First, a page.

Table 1
Causes of Failure in Transplantation of 24-h Preserved Kidneys in Pigs
Table 2
Laboratory Data Following Porcine Renal Transplantation or Sham Operation

Comments

The important features of the kidney transplant model described in this report are that it allows both an absolute paired study of kidney allograft function from the same donor, as well as the collection of the entire quantity of pure urine at any time postoperatively. The latter obviates the need for metabolic cages or sedation of the animal for collection of urine. Furthermore, the only difference of this model from clinical cadaveric renal transplantation is that the donor is not brain-dead. Therefore, this model and the unique modifications reported here allow the investigation of important transplant research, such as organ preservation, immunosuppression, and the prevention of reperfusion injury from oxygen free radicals. Furthermore, this model gives surgical residents and fellows an opportunity to refine their technical skills, and to be trained in the procedure and biology of kidney transplantation.

Acknowledgments

This work was supported by research grants from the Veterans Administration and Project Grant AM 29961 from the National Institute of Health, Bethesda, MD.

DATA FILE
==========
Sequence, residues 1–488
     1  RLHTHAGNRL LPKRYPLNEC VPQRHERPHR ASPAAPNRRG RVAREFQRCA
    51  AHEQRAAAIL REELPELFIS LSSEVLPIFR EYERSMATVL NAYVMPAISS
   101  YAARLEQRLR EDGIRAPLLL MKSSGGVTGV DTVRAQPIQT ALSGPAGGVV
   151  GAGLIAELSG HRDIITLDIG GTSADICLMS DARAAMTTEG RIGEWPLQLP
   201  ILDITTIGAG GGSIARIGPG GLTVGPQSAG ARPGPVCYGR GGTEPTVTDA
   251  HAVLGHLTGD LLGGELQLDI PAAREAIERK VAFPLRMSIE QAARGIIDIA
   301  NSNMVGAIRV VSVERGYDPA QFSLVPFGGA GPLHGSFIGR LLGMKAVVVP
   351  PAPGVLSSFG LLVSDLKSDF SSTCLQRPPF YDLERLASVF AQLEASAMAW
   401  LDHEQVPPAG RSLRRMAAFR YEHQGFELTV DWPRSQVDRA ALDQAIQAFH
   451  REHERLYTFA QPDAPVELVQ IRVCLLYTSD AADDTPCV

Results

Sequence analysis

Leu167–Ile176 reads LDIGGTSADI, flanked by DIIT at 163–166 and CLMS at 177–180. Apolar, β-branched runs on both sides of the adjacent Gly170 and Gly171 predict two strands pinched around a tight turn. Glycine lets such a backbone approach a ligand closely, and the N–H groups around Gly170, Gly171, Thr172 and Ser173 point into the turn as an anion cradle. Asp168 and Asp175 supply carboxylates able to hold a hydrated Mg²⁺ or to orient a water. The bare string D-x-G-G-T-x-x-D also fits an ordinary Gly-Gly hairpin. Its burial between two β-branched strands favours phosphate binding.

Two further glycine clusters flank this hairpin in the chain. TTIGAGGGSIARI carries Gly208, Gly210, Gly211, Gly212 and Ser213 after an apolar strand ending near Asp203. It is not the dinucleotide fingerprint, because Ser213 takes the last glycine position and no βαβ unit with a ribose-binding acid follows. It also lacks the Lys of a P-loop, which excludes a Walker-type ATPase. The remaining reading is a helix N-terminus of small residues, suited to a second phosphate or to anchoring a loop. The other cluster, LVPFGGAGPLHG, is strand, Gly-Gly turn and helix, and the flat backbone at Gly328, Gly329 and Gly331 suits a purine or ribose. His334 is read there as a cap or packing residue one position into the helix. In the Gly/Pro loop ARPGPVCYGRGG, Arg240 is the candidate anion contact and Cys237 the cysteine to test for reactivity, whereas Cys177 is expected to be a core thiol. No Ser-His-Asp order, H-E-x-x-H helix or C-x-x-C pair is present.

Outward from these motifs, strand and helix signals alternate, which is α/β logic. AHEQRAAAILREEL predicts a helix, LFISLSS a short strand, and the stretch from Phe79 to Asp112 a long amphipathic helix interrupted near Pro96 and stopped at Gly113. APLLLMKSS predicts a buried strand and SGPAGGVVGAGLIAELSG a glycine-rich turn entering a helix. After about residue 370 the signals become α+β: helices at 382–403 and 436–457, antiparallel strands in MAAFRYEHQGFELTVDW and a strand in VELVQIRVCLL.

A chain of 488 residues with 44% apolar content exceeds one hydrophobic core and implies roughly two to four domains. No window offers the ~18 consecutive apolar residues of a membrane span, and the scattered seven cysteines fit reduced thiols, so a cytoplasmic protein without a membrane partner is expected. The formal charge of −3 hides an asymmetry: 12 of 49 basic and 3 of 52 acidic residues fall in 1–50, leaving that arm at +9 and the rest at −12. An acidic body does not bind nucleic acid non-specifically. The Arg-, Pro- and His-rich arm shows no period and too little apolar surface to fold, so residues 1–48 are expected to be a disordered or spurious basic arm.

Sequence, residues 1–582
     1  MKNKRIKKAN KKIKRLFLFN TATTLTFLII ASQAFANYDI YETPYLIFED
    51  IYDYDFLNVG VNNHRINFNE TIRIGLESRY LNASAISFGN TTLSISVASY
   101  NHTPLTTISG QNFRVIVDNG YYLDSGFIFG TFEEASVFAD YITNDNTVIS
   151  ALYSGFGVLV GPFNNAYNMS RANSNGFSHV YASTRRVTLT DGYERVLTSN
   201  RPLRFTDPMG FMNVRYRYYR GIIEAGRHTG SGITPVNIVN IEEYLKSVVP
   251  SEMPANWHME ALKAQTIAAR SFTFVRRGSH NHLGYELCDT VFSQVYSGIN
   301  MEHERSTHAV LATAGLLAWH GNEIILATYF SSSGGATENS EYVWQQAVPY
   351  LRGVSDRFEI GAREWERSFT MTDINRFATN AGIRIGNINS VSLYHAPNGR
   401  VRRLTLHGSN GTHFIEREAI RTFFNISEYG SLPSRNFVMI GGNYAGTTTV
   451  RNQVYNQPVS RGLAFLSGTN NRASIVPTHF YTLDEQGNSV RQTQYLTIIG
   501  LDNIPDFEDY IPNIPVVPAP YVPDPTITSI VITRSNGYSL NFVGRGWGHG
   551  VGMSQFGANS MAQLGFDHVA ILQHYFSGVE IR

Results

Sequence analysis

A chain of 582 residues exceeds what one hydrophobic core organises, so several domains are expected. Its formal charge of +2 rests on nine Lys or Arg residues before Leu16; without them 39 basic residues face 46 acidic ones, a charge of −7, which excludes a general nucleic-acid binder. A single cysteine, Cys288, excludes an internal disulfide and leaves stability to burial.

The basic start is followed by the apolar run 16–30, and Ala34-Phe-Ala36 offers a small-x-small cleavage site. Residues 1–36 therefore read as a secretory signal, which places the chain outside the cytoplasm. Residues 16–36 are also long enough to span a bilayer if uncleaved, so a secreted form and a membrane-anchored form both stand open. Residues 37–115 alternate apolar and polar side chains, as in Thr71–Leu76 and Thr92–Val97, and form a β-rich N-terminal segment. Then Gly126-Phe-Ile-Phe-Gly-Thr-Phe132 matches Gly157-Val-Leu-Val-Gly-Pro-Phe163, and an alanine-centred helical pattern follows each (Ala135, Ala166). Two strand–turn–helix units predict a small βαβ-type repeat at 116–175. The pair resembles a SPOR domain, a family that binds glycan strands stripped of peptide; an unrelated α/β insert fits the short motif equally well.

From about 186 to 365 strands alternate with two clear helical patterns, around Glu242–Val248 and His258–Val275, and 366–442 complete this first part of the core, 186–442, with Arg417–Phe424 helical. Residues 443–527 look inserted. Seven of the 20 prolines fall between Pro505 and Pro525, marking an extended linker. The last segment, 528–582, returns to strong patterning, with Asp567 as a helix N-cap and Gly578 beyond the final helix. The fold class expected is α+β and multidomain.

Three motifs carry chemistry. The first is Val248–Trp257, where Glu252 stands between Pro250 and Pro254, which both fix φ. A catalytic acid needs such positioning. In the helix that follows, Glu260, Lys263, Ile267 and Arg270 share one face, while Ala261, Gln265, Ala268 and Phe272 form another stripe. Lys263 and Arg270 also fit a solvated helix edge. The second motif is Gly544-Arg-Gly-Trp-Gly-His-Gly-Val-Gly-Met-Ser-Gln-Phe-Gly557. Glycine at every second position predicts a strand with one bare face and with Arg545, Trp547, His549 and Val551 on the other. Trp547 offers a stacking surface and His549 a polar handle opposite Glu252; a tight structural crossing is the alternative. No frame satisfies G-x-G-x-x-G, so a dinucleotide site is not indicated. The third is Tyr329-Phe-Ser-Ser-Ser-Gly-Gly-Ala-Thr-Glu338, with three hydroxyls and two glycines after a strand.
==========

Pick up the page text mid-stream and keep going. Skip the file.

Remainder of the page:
References

1. Starzl TE, Hakala TR, Iwatsuki S, et al. The use of cyclosporin A and prednisone in cadaver kidney transplantation. Surg Gynecol Obstet. 1980;151:17–26. [PMC free article] [PubMed]
2. Starzl TE, Hakala TR, Shaw BW, et al. A flexible procedure for multiple cadaveric organ procurement. Surg Gynecol Obstet. 1984;158:223–230. [PMC free article] [PubMed]
3. Belzer FO, Southard JH. Principles of solid-organ preservation by cold storage. Transplantation. 1988;45:673–676. [PubMed]
4. Terasaki PI, Marchioro TL, Starzl TE. Serotyping of human lymphocyte antigens: preliminary trials on long-term kidney homograft survivors. In: Russell PS, Winn JH, Amos DB, editors. Histocompatibility Testing 1965. Washington, DC: National Academy of Science; 1965. p. 83.
5. Lich R, Jr, Howerton LW, Davis LA. Recurrent urosepsis in children. J Urol. 1961;86:554–562.